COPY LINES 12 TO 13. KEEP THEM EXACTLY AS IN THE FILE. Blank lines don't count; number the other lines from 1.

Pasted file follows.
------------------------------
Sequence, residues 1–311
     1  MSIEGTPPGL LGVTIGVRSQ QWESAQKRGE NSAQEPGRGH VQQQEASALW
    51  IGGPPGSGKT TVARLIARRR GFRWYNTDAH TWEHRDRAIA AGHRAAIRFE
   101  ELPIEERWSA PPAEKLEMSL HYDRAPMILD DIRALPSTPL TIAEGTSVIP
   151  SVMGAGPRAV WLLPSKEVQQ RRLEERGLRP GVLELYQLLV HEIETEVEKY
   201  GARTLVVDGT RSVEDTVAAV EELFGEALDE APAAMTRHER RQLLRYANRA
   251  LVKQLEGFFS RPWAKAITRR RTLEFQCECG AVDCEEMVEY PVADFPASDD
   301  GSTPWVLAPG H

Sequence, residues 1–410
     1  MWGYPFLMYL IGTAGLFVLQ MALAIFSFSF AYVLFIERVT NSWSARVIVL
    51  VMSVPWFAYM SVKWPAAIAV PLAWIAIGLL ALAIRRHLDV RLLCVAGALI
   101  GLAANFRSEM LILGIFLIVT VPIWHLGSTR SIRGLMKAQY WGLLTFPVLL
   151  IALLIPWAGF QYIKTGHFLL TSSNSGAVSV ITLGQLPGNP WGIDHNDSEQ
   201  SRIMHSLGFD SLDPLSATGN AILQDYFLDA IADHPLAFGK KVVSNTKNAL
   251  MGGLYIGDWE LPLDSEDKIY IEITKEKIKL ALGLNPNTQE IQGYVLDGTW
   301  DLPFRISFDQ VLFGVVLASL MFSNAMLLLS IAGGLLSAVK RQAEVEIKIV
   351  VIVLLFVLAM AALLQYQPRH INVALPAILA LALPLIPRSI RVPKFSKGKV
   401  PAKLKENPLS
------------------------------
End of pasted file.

   101  GLAANFRSEM LILGIFLIVT VPIWHLGSTR SIRGLMKAQY WGLLTFPVLL
   151  IALLIPWAGF QYIKTGHFLL TSSNSGAVSV ITLGQLPGNP WGIDHNDSEQ